|Click image just above to get|
more info on MERAJ DHIR
Dir. Antoine Fuqua
Starring: Jake Gyllenhaal, Forest Whitaker,
Rachel McAdams, Victor Ortiz
Curtis "50 Cent" Jackson
By Meraj Dhir
The Film Corner's
Ghee Time Columnist
If you've seen the trailer for Southpaw, there's no reason to see the intolerably dull film. The trailer deftly encapsulates what otherwise takes 124 lugubrious minutes to slog through. However, if you're amenable to gazing at Jake Gyllenhaal's chiseled torso, Curtis "Fifty Cent" Jackson's ivory white veneers and Forest Whitaker spewing out a veritable geyser of scene-chomping dialogue, all amidst plenty of predictable boxing melodrama with dashes of crime sprinkled on, then please help yourself.
Antoine Fuqua (The Equalizer, Training Day) is one of the most reliably boring paint-by-numbers directors working in major motion pictures today, but he cant be solely blamed for this dross since the screenplay, penned by Kurt Sutter (Sons of Anarchy) resembles a computer-engineered piece of software (the softer elements of said ware residing mostly between Sutter's ears) to generate a generic fight picture.
Bursting with the force of a hamster in a microwave oven, all the necessary by-rote fucking-up, redemption and rehabilitation plot points, shoehorned into all the "proper" places, results in a movie we've seen many times before. Though it will please anyone who buys into the generic rules belched out by screenwriting gurus like Robert McKee, the rest of us (unless we're as brain dead as this movie's filmmakers) can snore through every second of this film.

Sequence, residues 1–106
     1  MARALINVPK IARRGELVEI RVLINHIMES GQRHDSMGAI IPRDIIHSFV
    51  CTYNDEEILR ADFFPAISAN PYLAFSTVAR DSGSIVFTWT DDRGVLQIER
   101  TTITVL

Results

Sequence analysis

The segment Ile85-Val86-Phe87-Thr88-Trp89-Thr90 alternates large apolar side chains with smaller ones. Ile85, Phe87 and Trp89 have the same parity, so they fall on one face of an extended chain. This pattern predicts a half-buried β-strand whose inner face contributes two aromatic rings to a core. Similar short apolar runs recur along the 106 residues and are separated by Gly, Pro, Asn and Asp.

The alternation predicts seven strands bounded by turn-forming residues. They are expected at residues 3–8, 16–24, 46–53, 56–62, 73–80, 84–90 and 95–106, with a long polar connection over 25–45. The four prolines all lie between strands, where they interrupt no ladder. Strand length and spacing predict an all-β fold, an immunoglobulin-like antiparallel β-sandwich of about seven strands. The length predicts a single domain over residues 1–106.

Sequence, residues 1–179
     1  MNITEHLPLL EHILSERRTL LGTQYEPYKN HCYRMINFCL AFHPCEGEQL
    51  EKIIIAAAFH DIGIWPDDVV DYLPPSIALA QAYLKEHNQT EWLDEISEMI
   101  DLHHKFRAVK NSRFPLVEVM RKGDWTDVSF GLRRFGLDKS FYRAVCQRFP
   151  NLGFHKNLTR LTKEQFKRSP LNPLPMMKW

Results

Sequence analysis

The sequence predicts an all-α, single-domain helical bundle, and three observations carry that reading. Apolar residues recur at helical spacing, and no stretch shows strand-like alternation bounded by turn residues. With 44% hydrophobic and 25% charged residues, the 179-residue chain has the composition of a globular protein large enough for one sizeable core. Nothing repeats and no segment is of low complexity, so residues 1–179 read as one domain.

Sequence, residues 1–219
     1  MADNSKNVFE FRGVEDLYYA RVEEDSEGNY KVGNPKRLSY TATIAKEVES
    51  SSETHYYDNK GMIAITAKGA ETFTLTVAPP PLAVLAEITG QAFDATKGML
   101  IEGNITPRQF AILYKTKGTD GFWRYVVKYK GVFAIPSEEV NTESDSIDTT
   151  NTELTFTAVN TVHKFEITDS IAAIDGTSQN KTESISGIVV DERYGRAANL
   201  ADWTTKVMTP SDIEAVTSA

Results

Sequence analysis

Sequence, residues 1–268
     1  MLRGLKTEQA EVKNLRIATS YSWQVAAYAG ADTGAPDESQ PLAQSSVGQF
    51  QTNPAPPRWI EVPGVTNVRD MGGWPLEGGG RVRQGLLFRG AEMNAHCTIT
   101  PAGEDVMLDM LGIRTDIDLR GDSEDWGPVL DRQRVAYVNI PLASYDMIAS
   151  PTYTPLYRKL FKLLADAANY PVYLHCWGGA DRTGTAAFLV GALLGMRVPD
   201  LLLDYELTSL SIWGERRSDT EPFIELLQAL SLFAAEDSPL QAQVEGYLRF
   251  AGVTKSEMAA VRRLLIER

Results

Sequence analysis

Here's a handy checklist of the events of the film.
I bet you haven't seen any of this before:
Fighter loses everything because he is a fuck-up.
The losses include the death of his wife to the bullet of a thug and custody of his daughter (because on both counts he's a fuck-up of the highest order and brings tragedy upon himself).
He requires one last fight to make his comeback.
In order to achieve this, our hero must accept humility and control his anger in and out of the ring. Cue rousing training montage a la any Rocky film (take your pick - all or one).
Crawl to a dull climactic fighting match with plenty of in and out of the ring editing and bargain basement Raging Bull camera pyrotechnics a la Raging Bull. This might be enough to keep one's attention, but bothering to do so instead of nodding off will merely hammer home the fact that the movie has been solely crafted to offer Jake Gyllenhaal a decent Oscar Nomination and/or free training to get into the best physical condition of his life.
There are movies, like Gavin O'Connor's Warrior and David O. Russell's The Fighter, which push the genre forward, but Southpaw does little more than vaguely hold one's attention until one realizes it's doing little more than fulfilling the aforementioned checklist.
THE FILM CORNER RATING: * One-Star
Southpaw is a Weinstein Company release through eOne.